Archive for category: Essays/Opinion

‘The Wire’ loses a talented, trusted set of eyes

15 Feb
February 15, 2004

Behind the scenes, Bob Colesberry was a showbiz giant

Appreciation, from the Baltimore Sun, Feb. 15, 2004
Reprinted with permission 

It was a shotgun wedding of sorts, with an HBO executive playing pastor.

I was there to get a book that I had written, an account of a year on a Baltimore drug corner, made into television. I had another writer with me, a trusted college friend with experience in episodic drama. David Mills had worked a few years on NYPD Blue, just as I had a couple years under Tom Fontana on Homicide. And we had already hired a line producer who would help us put film in the can.

So why was I being ushered to this New York office to meet another producer? Some studio type named Colesberry. A film producer, no less, from the world of big-budget features where everyone had a producer title, whether they did any work or not. He would probably ask for crane shots and try to rewrite scripts and screw up the casting and blow a hole in the budget.

“Don’t commit to anything,” Mills said before we walked into the office. “If he doesn’t feel right, don’t commit.”

But Bobby Colesberry threw us from the first, when he showed up with a copy of the book not only dog-eared, but marked in the margins with two different colors of ink. In a world in which all stories are reduced to single sentences by studio execs, this man had read a 600-page tome and thought hard about it.

“We’ll take your notes,” I warned him. “But the last pass on the script is ours.”

Of course, he said.

“And we don’t want to get frozen out of production. We may not be as experienced as you, but we know how to put film in the can.”

Great, he said, and Mills and I shared a look. Too easy. Our distrust grew.

“Look,” said Colesberry, “I read the book and I want to help you tell that story.”

We left the HBO offices doubtful and frightened. Two months later, by the time The Corner was in pre-production, I realized I never again wanted to shoot a reel of film without Bob Colesberry as my partner. By the time we began working again to create The Wire, I had learned to love the man, not just for the work we did together, but because of the person he was.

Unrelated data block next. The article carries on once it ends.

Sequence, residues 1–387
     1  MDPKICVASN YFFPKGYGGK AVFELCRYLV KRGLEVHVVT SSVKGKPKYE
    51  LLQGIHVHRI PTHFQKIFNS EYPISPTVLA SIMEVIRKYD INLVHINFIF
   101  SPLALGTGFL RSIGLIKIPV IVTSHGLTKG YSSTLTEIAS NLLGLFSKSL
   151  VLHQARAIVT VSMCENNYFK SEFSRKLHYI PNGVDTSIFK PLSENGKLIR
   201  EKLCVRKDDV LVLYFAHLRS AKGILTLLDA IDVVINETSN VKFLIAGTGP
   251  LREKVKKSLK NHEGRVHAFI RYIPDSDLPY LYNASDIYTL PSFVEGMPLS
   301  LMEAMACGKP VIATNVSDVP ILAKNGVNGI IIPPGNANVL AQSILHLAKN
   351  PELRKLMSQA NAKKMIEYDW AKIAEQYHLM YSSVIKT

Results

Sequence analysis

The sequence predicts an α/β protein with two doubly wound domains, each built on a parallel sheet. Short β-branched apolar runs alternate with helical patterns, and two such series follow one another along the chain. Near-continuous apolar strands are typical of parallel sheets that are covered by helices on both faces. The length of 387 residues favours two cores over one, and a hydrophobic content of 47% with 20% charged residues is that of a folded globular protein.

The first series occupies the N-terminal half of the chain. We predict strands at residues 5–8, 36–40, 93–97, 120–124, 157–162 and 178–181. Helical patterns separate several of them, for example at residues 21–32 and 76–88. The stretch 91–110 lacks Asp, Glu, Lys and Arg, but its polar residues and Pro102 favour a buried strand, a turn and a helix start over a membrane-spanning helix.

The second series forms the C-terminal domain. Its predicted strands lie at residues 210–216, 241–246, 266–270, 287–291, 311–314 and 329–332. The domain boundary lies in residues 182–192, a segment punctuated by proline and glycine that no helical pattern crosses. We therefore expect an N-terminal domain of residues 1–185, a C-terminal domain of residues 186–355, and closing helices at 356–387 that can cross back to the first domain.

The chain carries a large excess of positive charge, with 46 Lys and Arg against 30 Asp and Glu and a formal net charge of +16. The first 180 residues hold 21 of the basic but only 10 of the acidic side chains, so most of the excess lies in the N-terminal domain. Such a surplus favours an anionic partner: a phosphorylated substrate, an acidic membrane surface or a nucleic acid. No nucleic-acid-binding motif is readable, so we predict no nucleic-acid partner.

Much left unsaid

When he died Monday of complications from surgery, I realized that I hadn’t said a tenth of what I felt within his earshot. To other people, yes, all the time. To reporters and critics and other people in the film industry, I would invoke his name in every discussion of The Corner or The Wire, insisting that these projects existed only because of his partnership.

But Bob was the quiet one. And television critics tend to be big on story and character, which means ink for writers and actors.

He never complained, of course, being used to the background. For more than 20 years, he had worked arm-in-arm with real talents in the film world — Martin Scorsese, Alan Parker, Ang Lee, Barry Levinson, Robert Benton — and always he had quietly buried himself in the details of each production, ensuring the survival of fragile film projects and making good movies better.

Bernardo Bertolucci embraced him. Parker told him he had the eye to direct, never mind production. Scorsese credits him with helping to revive his career by shepherding After Hours to critical acclaim. He was nominated for an Oscar on Mississippi Burning, and for Emmys on 61* and the CBS adaptation of Death of a Salesman.

As a producer, he was soft-spoken, subtle and discreet. He made his points after everyone else in the room had already had their say. Bob could back you into a better idea and convince you that it was probably your own. And he was forever pathfinding through the forest of overgrown ego that flourishes on any movie set.

An 18-hour day for the crew was a 20-hour day for Bob, and I remember so many long nights on a soundstage, or worse, out in the street, with everyone slumped in those ridiculous chairs, staring at the monitors. When he was bone-tired, Bob Colesberry — an ex-Army artillery man — would playfully pretend to hold a walkie-talkie to his mouth and softly begin calling in salvo coordinates on the cast and crew, and himself.